EdgeX Foundry: How Dell Is Helping Accelerate Time-To-Market For IoT Devices

Solution providers delivering Internet of Things solutions at the edge face a time-consuming process because of the plethora of device standards. But a new open-source consortium has emerged that aims to align market leaders around a common Internet of Things framework.

The Linux Foundation in April lifted the curtain on EdgeX Foundry to accelerate interoperability in IoT edge computing. Dell has contributed its Project FUSE source code under Apache 2.0 for the initiative.

The source code consists of more than a dozen microservices and more than 125,000 lines of code to seed the EdgeX Foundry project.

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"We want this project to be about unifying, not re-inventing," Jason Shepherd, director of IoT strategy and partnerships at Dell, told CRN. "Customers are looking for IoT solutions at the edge, but it's hard to assemble all the pieces and to put together various industrial, enterprise-grade IoT applications that solve business problems. EdgeX is addressing this by forming an ecosystem, making it easier to deploy IoT in the ­field."

Systems integrators, for example, can take advantage of EdgeX Foundry to market their solutions faster with plug-and-play ingredients that they can further customize, while ISVs can benefit from interoperability with third-party applications.

"Talking from a channel perspective, this will help channel players accelerate their time to market," he said. "Systems integrators can work faster, add value to their IoT applications, still sell solutions and make money — but they don't need to re-invent the middle. Now they have time to focus on adding value."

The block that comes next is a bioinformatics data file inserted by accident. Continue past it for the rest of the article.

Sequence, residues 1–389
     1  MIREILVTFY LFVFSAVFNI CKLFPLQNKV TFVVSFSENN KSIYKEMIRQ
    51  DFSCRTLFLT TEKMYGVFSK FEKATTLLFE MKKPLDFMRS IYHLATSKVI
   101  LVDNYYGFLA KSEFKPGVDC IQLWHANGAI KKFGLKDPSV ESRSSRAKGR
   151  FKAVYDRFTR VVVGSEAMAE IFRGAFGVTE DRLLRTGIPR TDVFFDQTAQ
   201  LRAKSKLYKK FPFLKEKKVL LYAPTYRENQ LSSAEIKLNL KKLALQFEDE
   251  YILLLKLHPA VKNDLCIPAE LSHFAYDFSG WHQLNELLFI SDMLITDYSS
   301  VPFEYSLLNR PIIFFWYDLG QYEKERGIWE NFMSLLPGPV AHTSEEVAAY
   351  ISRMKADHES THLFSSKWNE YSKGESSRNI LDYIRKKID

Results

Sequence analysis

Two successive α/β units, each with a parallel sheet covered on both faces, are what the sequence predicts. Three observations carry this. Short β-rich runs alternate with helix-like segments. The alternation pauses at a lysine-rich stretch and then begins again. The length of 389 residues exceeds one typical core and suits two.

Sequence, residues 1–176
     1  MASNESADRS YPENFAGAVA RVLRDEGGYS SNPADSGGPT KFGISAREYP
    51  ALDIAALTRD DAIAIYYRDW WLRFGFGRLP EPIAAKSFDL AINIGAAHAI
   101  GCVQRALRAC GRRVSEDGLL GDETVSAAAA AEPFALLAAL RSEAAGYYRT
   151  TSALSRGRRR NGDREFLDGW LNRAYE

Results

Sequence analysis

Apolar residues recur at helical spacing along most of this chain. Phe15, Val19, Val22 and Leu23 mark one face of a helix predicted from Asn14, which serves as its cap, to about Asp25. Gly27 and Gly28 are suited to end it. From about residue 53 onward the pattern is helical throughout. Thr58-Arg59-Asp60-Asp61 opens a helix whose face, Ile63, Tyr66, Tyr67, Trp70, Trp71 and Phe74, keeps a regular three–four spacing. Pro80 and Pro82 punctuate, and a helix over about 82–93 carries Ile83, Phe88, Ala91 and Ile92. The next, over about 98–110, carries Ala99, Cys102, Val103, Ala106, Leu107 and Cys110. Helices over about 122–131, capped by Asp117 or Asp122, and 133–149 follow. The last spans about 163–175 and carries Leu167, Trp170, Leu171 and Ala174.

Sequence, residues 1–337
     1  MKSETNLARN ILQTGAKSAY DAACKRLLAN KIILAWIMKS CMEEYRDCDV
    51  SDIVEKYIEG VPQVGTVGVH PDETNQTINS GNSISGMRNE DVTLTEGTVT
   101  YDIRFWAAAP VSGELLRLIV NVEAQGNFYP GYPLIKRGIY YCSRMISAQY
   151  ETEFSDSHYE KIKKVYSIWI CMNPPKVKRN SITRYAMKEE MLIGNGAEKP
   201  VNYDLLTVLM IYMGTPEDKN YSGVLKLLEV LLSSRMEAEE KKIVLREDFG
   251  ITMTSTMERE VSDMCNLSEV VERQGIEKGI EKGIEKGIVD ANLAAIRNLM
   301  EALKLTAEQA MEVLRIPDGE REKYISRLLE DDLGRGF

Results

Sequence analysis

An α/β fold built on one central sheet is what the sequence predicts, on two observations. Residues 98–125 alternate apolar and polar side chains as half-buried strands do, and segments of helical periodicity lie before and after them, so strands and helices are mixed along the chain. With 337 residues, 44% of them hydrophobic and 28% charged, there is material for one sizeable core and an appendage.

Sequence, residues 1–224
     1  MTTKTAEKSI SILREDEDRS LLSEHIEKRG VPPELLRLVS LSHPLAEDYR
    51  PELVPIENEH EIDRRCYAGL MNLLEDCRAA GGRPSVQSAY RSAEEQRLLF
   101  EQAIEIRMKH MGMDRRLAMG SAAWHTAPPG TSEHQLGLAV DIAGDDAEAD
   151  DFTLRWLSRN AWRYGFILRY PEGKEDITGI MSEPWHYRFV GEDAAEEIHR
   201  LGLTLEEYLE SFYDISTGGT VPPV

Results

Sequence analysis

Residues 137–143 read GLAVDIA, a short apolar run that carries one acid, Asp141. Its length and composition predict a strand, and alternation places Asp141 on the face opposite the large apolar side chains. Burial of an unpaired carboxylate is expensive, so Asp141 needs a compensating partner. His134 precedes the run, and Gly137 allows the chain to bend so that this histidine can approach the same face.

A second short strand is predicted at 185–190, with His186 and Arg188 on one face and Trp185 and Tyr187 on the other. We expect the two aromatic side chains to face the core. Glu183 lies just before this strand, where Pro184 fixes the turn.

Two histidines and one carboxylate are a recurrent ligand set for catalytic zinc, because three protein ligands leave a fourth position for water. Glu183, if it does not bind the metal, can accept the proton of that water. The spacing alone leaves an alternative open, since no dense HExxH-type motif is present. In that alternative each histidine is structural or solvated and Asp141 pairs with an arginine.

EdgeX Foundry will drive interoperability between applications and connectivity standards through plug-and-play components that can be combined to secure easily scalable IoT solutions, according to Shepard.

The EdgeX Foundry initiative, which is designed to be flexible, platform-independent and industrial-grade, is aimed at edge hardware such as routers, gateways and servers, he said.

"Success in Internet of Things is dependent on having a healthy ecosystem that can deliver interoperability and drive digital transformation. … EdgeX Foundry is aligning market leaders around a common framework, which will drive IoT adoption and enable businesses to focus on developing innovative use cases that impact the bottom line," said Jim Zemlin, executive director of the Linux Foundation.

EdgeX Foundry will be collaborating with other open-source projects and standards groups, including Cloud Foundry Foundation, Object Management Group and ULE Alliance. More than 40 companies have joined the consortium so far.

Michael Murray, general manager of industrial sensing products at semiconductor manufacturer Analog Devices, said the Norwood, Mass.-based company is an EdgeX Foundry partner.

"This strategic partnership with EdgeX Foundry is part of our commitment to playing a major role in providing solutions to help customers bridge the physical and digital through IoT," said Murray. "We want to reduce complexity, democratize IoT standards and provide trusted data for customers, and we look forward to working with the EdgeX community to achieve those goals."

In addition to its support for EdgeX Foundry, Round Rock, Texas-based Dell is looking to expand the breadth of partners deploying Internet of Things solutions with its IoT Solutions Partner Program.

The program currently includes ISVs and is made up of three tiers — Premier, Preferred and Registered. In the fall, the company said that it was adding systems integrators to its program, aiming to reach a broader range of vertical industries.